HOME OF THE BRAVE
(director: Mark Robson; screenwriters: Carl Foreman/from the play by Arthur Laurents; cinematographer: Robert De Grasse; editor: Harry Gerstad; music: Dimitri Tiomkin; cast: Douglas Dirk (Major Robinson), Steve Brodie (Corporal T.J. Everett), Jeff Corey (Doctor), Lloyd Bridges (Finch), Frank Lovejoy (Sgt. Mingo), James Edwards (Peter Moss), Cliff Clark (Colonel Baker; Runtime: 88; MPAA Rating: NR; producers: Stanley Kramer/Robert Stillman; Republic Pictures Home Videos; 1949)
“Not without some hard-hitting moments.”
Reviewed by Dennis Schwartz
Home of the Brave is based on the hit Broadway play by Arthur Laurents; it was written by Carl Foreman and directed by Mark Robson. The play tells of a young Jewish soldier who was the victim of anti-Semitism while serving his country. In the film the then 35-year-old liberal producer Kramer substituted a Negro character for the Jewish victim. At its release date it was viewed as a daring ‘Negro problem picture,’ that intelligently portrayed blacks as concerned over racial issues (no longer in plantation roles as singers and hoofers) and launched Hollywood’s cycle of Negro problem pictures at the end of the 1940s (Pinky, Lost Boundaries, and Intruder in the Dust). It reflected a positive change in attitude towards blacks by Hollywood. But when viewed today, it seems more like a cautionary tale that is as outdated as its flashbacks on a basketball game. That’s not to say its message isn’t on target, wasn’t necessary at the time and not without some hard-hitting moments.
The film opens with a sympathetic army shrink, an unnamed captain (Jeff Corey), in a military hospital during World War II trying to find out the psychological cause of the paralysis of a young Negro private named Peter Moss (James Edwards), who returned from a dangerous five-man voluntary four-day reconnaissance mission on a Japanese-held Pacific island unable to walk for no apparent physical reasons. Through a series of flashbacks Moss answers the captain’s questions as he begins to regain his memory, with the help of drugs, and it’s learned that all through his life he faced prejudice and didn’t know how to deal with it. Moss is a surveyor who joins the team put together by gung-ho 26-year-old Major Robinson (Douglas Dirk) that includes the bigoted Corporal T. J. Everett (Steve Brodie), a cartographer named Finch (Lloyd Bridges) and a disgruntled sergeant named Mingo (Frank Lovejoy). Moss recognizes Finch as an old friend and basketball teammate from their schooldays in Pittsburgh. Robinson is put off that the colonel sent him a colored boy, but when he calls his superior he’s told that he’s to use anyone who can help no matter what color.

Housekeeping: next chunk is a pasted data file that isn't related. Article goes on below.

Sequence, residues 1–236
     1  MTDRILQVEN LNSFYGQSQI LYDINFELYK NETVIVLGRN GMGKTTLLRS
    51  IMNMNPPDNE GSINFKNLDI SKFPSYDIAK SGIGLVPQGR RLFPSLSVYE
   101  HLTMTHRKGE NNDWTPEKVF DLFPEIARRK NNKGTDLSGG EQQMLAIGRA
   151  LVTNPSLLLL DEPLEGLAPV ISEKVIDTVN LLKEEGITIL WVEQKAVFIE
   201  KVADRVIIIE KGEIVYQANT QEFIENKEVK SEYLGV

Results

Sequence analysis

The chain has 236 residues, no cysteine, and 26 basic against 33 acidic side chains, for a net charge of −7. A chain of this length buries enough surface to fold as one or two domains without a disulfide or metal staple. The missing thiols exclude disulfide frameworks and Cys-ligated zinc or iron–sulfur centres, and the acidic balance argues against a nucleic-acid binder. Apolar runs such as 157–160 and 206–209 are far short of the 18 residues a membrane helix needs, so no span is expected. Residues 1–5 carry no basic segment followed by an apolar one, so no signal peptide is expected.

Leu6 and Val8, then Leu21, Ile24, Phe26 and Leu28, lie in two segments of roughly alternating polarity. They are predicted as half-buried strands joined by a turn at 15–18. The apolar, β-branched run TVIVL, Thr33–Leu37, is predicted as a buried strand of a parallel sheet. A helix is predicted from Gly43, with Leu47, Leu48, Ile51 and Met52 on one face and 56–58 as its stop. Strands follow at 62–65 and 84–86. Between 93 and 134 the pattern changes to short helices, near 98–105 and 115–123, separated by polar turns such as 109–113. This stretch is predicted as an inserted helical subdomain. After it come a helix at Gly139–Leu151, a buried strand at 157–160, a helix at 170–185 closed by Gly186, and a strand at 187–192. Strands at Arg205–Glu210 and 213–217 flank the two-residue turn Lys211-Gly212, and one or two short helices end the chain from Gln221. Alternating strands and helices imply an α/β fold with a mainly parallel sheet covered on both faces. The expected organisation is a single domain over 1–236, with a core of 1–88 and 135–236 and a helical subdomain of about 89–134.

We follow the men on their mission as they all satisfactorily carry out their duties to chart the island for a future attack. Moss and Finch become close and during their breaks plan to be partners in opening up a bar after the war. Mingo’s wife writes letters with poetry, such as “My darling, darling, darling, I’ll never again use the word ‘love’ without thinking only of you.” And another that says “Divided we fall, united we stand, coward take my coward’s hand.” But the letter he still can’t forget is the last one that starts out “Dearest, this is the hardest letter I’ve ever had to write.” During the mission Mingo will lose an arm. While bringing back to the base camp the maps Finch retreats when he realizes he lost them in the jungle and when Moss wants them to turn back without them an angry Finch loses himself and calls him a yellow “nigger.” Finch finds the maps but gets hit and Moss returns to cover his friend’s back and insists on staying with him, but Finch orders him to leave with the maps or the mission will fail. Back at the base camp, the men hear the screams of a tortured Finch who was captured by the Japs and feel helpless. After the screaming stops Moss goes back and discovers the dead Finch. That’s when Moss was unable to walk and had to be carried back to the dinghy by T. J.. Though it’s revealed T. J. took pleasure in making racial cracks out in the open, the shrink determines it’s the racist American society as a whole that weighed on the sensitive private’s mind and led to him cracking up. What initiated that severe reaction was the feeling of guilt Moss had that it was Finch who got it instead of him. To save time, the doctor in getting his patient to walk again takes an unorthodox risk and shouts, “Get up, you dirty nigger.” This riles Moss up so much that he struggles to walk across the room to get to the doctor. By the time he reaches the doctor, he realizes the radical treatment worked and he gratefully embraces him. The next day, before being shipped back to the States as a hero with Mingo, Mingo tells him that he would like to become partners with him in the bar business. The fairy-tale optimistic ending signals a time when whites and blacks will bond together in a common cause. The upbeat ending seemed more pleasing than real for that time period, but during the civil rights struggle of the 1960s we did see some of this interracial activity. Surprising to the studios, the film proved to be botha commercial and critical success.
REVIEWED ON 5/20/2006 GRADE: B